His mother wears a hijab, signaling to the reader that the family is Muslim, putting them in a minority of not just Americans but also of Arab Americans. Most are, like Baz, Lebanese (or from the greater Levant: Jordan, Palestine, and Syria) and, unlike Baz, Christian. Geoff Johns, Baz’s co-creator, is Lebanese but not Muslim, like me. Like Khalifa, Baz was created to take up an existing mantle, inheriting a Green Lantern ring from Hal Jordan and Sinestro. As the story progresses, he eventually fights against the Third Army, which intends to assimilate him, something the comic is already doing (or, at least, trying to do) by making an Arab man into an American superhero.
Green Lantern advances a long tradition of superhero comic books making Americans out of aliens, which began in 1938 with Jerry Siegel and Joe Shuster’s Superman and continues into Ms. Marvel, the first mainstream superhero comic book to feature a Muslim woman as the title character.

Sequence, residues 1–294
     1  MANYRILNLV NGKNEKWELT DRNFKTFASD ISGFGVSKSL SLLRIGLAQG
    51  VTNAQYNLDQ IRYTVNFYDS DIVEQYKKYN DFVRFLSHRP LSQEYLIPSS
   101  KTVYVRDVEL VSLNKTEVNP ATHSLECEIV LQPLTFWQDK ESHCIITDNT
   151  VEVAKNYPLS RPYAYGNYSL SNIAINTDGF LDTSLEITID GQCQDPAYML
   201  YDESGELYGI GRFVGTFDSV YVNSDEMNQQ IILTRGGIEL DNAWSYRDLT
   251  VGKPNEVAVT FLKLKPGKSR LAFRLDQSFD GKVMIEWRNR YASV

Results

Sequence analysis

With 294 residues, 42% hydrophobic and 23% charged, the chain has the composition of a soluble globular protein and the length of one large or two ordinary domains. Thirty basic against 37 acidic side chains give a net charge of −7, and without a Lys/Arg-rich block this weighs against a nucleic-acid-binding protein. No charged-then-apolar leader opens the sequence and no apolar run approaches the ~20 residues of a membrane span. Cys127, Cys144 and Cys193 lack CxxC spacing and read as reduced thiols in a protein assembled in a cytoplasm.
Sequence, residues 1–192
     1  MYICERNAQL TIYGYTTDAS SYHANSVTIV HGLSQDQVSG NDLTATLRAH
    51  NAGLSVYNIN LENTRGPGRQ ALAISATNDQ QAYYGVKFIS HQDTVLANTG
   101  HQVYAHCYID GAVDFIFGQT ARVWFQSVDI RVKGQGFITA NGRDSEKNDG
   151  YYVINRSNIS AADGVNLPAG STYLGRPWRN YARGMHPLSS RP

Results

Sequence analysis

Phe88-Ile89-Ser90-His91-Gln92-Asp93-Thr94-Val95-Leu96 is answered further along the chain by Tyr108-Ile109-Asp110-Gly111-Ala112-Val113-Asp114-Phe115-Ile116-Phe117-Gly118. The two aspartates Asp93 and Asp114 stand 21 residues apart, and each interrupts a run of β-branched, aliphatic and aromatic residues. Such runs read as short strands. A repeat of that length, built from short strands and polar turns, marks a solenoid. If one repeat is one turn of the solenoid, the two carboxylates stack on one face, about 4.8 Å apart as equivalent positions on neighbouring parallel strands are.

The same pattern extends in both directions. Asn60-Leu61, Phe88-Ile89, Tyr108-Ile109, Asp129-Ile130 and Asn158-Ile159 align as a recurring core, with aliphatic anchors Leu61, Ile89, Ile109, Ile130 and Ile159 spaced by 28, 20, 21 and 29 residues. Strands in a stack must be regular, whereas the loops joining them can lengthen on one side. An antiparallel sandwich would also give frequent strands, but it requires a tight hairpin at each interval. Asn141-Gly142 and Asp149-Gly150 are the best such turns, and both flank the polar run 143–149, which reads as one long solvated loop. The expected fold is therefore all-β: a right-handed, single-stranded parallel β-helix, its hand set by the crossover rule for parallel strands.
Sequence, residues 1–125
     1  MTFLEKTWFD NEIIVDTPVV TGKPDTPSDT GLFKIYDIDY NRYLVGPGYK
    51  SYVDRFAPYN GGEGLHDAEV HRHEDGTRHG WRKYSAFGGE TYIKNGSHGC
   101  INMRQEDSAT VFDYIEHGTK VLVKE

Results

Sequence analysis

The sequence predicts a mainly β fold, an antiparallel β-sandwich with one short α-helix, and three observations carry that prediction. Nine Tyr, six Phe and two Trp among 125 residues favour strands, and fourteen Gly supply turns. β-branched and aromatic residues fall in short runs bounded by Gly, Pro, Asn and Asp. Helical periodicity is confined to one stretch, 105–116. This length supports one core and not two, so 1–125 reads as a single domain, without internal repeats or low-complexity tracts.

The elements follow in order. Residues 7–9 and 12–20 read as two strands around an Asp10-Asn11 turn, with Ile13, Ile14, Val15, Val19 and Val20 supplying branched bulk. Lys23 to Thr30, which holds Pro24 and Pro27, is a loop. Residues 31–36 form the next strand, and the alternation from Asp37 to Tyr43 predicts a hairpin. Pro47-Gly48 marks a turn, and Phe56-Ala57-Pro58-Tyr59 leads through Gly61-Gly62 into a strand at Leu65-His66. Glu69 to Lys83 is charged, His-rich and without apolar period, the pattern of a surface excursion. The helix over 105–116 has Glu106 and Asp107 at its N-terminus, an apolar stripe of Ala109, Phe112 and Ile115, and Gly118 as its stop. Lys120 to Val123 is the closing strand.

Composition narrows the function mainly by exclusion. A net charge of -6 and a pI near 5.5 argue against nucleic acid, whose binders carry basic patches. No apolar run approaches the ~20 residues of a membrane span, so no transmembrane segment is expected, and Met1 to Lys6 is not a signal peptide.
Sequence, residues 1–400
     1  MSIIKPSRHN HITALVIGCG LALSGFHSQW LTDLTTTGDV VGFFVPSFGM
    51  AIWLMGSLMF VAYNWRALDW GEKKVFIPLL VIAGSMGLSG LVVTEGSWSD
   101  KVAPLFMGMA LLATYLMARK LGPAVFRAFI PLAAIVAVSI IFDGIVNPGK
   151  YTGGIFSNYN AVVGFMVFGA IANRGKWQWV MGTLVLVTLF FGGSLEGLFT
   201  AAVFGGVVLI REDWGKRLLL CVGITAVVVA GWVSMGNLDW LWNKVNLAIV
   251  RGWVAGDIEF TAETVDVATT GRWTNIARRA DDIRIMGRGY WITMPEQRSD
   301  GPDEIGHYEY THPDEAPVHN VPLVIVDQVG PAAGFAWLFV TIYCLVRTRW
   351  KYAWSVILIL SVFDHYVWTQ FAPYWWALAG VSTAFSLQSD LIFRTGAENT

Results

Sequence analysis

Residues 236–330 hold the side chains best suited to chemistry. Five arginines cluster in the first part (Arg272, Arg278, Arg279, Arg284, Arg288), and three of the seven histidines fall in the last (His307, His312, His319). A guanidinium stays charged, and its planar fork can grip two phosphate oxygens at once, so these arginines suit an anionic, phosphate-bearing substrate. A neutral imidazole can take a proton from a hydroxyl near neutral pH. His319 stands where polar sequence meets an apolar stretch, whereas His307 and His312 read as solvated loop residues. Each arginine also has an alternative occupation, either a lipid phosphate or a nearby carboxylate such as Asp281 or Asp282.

And the first comic book that I read monthly, starting my last semester of college. As an Arab American reader, the Pakistani American Kamala Khan seemed the closest I could get to seeing myself represented in a medium that I didn’t yet know a lot about. My digital subscription to Wilson and Alphona’s Ms. Marvel (2014-2015) followed me from Tallahassee, Florida, to Charlottesville, Virginia, where, two years after completing my bachelor’s degree, I would earn my master’s having written my thesis, “The ‘Embiggening’: Marvel’s Muslim Ms. Marvel and American Myth.” I started thinking about all of the ways in which this new character was new and all of the ways she wasn’t. Most of how Khan can be described — a teenage, Pakistani, Muslim superheroine — could be applied individually to other characters— Peter Parker, Faiza Hussain, Sooraya Qadir, Carol Danvers — and while I wouldn’t describe her as such, Khan has been called the next Spider-Man (it feels like it should be more difficult to say that after Into the Spider-Verse, which introduced a more fully realized Miles Morales, or before she’s been written by a Muslim woman of color). I’ve always seen her more as a modern Superman.